Billionaire Peter Thiel said Monday he is not the only person in Silicon Valley who supports Donald Trump, claiming that his very public endorsement of the Republican presidential nominee has "surfaced a small number of those people who all feel that they can't say it in public."
"They've been conjured out of the ether," he said in prepared remarks at the National Press Club in Washington, D.C., adding that "No matter what happens in this election, what Trump represents isn't crazy and it's not going away."
"When the distracting spectacles of this election season are forgotten and the history of our time is written, the only important question will be whether or not that new politics came too late," he said.
While Silicon Valley is largely Clinton territory, PayPal co-founder Thiel has stood alone as Trump's most high-profile supporter.
His recent donation of $1.25 million to the Trump campaign and various pro-Trump Super PACs ignited a firestorm of discussion among other high profile techies. Some ostracized Thiel, while others noted not tolerating different political opinions could create a dangerous precedent.
"I really didn't think that there would be this sort of a visceral reaction," Thiel said Monday. "It's surprising to me that anybody would say that you're beyond the pale for taking a position that's held by half the country."
Sam Altman, president of Y Combinator, a start-up incubator where Thiel is a partner, said he wouldn't sever ties with the billionaire, as some had suggested he do.
"Peter is a part-time partner at YC, meaning he spends a small fraction of his time advising YC companies, does not have a vote in how YC is run, and in his case waives the equity part-time partners normally get," Altman wrote. "This has been a strain on my relationship," he wrote, noting that he believes Thiel is "completely wrong" in "supporting this man."
Ellen Pao, a former interim chief executive of Reddit who is now working to tackle diversity issues in tech at Project Include, announced the organization would no longer work with Y Combinator.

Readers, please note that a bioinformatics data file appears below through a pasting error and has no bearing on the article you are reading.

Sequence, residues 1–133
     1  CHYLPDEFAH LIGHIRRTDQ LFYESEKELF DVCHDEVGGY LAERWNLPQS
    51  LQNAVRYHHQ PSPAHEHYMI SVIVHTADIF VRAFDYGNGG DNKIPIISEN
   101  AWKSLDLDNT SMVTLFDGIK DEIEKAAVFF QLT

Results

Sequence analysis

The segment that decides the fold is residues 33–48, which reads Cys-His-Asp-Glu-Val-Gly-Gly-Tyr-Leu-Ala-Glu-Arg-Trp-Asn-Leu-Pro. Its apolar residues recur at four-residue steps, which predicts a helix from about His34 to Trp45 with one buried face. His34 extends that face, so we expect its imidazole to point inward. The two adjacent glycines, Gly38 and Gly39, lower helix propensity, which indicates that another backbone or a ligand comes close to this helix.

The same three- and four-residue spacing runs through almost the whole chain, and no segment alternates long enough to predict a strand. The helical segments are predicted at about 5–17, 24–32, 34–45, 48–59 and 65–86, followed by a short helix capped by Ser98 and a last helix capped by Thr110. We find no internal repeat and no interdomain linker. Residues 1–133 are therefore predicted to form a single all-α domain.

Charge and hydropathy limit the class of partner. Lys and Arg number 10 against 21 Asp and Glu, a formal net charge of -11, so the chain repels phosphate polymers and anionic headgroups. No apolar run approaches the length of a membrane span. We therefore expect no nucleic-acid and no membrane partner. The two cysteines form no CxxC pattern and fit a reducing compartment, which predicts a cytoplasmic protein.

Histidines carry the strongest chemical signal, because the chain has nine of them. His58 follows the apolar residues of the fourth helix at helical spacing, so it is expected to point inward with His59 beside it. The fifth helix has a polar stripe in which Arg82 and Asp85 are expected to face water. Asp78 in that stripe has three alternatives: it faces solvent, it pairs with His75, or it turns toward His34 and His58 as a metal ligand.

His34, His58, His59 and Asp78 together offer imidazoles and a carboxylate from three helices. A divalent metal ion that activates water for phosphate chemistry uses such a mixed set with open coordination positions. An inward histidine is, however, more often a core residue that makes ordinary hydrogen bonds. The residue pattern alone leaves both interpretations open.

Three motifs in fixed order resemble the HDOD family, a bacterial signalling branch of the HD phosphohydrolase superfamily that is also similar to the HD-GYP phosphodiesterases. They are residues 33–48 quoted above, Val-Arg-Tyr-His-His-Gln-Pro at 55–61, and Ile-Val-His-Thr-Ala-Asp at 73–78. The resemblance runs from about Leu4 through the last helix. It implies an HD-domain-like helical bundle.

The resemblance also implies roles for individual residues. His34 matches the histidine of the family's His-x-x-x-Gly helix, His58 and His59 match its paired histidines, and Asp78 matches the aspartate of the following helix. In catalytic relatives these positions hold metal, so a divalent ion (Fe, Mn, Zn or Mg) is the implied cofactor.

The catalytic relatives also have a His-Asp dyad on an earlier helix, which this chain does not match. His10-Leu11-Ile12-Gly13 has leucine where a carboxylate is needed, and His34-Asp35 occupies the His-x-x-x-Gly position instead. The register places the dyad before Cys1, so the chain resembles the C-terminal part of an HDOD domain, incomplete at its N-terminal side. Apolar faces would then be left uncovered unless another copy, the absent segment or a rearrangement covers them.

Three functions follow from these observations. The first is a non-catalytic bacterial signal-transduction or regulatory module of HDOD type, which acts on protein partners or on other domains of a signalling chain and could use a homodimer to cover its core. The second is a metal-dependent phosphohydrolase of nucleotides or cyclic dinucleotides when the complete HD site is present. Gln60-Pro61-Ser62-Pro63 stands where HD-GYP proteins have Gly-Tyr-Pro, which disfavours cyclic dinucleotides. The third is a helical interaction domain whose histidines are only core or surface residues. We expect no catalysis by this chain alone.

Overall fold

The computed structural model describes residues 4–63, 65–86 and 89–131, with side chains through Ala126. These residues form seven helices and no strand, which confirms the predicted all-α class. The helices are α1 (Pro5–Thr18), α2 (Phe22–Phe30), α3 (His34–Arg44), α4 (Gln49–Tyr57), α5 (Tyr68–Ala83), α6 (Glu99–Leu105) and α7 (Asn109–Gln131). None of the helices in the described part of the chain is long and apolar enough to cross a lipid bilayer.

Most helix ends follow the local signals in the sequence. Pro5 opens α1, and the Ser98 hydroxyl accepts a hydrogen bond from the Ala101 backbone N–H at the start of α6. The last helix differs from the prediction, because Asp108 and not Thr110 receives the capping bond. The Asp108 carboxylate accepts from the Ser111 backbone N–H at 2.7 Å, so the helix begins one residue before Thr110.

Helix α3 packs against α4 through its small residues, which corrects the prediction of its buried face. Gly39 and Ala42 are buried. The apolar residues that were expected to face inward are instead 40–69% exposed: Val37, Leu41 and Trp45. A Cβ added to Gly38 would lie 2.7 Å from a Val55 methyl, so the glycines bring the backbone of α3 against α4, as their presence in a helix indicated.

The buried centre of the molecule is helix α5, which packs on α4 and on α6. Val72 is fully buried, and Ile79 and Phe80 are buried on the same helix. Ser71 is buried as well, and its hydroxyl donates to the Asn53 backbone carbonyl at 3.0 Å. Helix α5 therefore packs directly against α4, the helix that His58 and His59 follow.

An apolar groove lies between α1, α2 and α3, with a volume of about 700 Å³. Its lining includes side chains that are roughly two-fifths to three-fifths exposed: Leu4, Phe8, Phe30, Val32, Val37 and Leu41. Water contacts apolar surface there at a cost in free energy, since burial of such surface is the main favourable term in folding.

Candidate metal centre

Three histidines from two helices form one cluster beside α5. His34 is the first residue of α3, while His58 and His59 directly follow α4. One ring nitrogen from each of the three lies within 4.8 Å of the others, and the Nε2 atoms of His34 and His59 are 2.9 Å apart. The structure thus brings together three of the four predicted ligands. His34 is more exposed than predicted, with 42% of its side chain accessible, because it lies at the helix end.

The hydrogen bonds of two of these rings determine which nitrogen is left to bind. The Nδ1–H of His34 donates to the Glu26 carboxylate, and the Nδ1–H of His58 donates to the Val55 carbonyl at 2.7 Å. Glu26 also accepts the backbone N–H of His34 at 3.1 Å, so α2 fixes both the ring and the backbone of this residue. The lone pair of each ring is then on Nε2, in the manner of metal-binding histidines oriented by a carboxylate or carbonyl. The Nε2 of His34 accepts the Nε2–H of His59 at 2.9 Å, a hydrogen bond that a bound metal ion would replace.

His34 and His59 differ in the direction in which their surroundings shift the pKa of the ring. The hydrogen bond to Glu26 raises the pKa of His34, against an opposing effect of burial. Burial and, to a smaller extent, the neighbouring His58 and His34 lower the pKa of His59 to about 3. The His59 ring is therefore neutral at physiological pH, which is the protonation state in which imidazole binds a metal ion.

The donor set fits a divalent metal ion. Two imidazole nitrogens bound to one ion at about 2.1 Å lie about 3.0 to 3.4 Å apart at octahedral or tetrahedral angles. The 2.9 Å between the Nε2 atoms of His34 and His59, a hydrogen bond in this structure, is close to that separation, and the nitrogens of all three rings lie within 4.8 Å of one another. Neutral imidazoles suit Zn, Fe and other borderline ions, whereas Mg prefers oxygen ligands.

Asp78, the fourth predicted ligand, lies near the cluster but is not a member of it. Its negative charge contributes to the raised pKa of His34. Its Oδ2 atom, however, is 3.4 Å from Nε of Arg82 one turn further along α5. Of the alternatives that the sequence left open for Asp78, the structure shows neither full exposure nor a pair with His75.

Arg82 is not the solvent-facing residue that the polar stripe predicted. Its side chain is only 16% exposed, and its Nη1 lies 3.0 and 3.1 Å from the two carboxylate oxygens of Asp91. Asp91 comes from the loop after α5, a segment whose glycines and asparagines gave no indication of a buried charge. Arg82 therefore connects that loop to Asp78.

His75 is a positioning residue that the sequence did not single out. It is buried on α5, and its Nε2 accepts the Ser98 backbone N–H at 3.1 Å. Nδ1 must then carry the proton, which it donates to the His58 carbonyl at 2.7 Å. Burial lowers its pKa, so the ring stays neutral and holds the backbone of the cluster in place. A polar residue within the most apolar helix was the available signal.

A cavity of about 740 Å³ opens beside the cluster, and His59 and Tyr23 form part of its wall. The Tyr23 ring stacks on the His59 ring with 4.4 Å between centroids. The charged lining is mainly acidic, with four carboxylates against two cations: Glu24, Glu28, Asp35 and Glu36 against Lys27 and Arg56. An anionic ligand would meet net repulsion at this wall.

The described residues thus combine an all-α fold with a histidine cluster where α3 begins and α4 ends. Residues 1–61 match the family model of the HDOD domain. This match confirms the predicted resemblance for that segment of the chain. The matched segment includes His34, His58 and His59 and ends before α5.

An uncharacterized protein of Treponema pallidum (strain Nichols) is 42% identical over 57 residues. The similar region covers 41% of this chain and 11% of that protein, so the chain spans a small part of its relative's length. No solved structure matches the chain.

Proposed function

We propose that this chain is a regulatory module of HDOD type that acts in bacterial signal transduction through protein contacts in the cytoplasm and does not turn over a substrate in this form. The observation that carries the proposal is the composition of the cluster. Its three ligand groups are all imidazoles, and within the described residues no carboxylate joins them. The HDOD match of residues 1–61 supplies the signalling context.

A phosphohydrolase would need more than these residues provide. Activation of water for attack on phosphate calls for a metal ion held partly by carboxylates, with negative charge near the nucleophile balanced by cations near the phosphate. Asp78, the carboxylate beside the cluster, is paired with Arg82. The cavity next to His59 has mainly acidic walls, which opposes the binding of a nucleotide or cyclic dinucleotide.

"Giving more power to someone whose ascension and behavior strike fear into so many people is unacceptable," she wrote in an essay on Medium. "His attacks on Black, Mexican, Asian, Muslim and Jewish people, on women and on others are more than just political speech; fueled by hate and encouraging violence, they make each of us feel unsafe."
For his part, Thiel acknowledged he doesn't "agree with everything Donald Trump has said and done — and I don't think the millions of other people voting for him do, either," he said. "It's not a lack of judgment that leads Americans to vote for Trump; we're voting for Trump because we judge the leadership of our country to have failed," he said.
Asked whether he had received personal assurances that Trump would not roll back LGBTQ rights in the White House, Thiel said he had not. However, he added that he believed Trump represented "a sea change from the Republican Party of Bush '43" on LGBTQ equality.
"He will be quite expansive on gay rights," Thiel said of Trump. Yet not everyone would agree.
After making historic overtures to LGBTQ voters for a Republican presidential nominee, Trump has little to show for the effort besides the support of Thiel — who has repeatedly distanced himself from the political agenda of most LGBTQ Americans. At the Republican National Convention, for example — where Thiel made history as the first speaker to proclaim he was "proud to be gay" -- he also angered many LGBTQ rights advocates for calling the pressing legal question of which bathroom transgender people should be able to use "a distraction."
Trump, too, has shown little regard for the LGBTQ community from a policy standpoint. Though he said publicly that sexual orientation should not be a reason for letting employees go and that transgender reality star Caitlyn Jenner should be allowed to use whichever bathroom she chooses, Trump also vowed to appoint justices to the Supreme Court who would reverse nationwide marriage equality and picked a running mate known for signing one of the most controversial anti-LGBT laws in recent memory.
Those positions have hurt Trump with LGBTQ voters.
Seventy-two percent of registered LGBTQ voters said they supported Hillary Clinton in a recent NBC News|SurveyMonkey Weekly Election Tracking Poll, while 20 percent said they supported Trump.
And earlier this month, the Log Cabin Republicans — the nation's largest organization representing gay conservatives — declined to endorse Trump due to his anti-LGBTQ advisers and support for a federal "religious freedom" bill.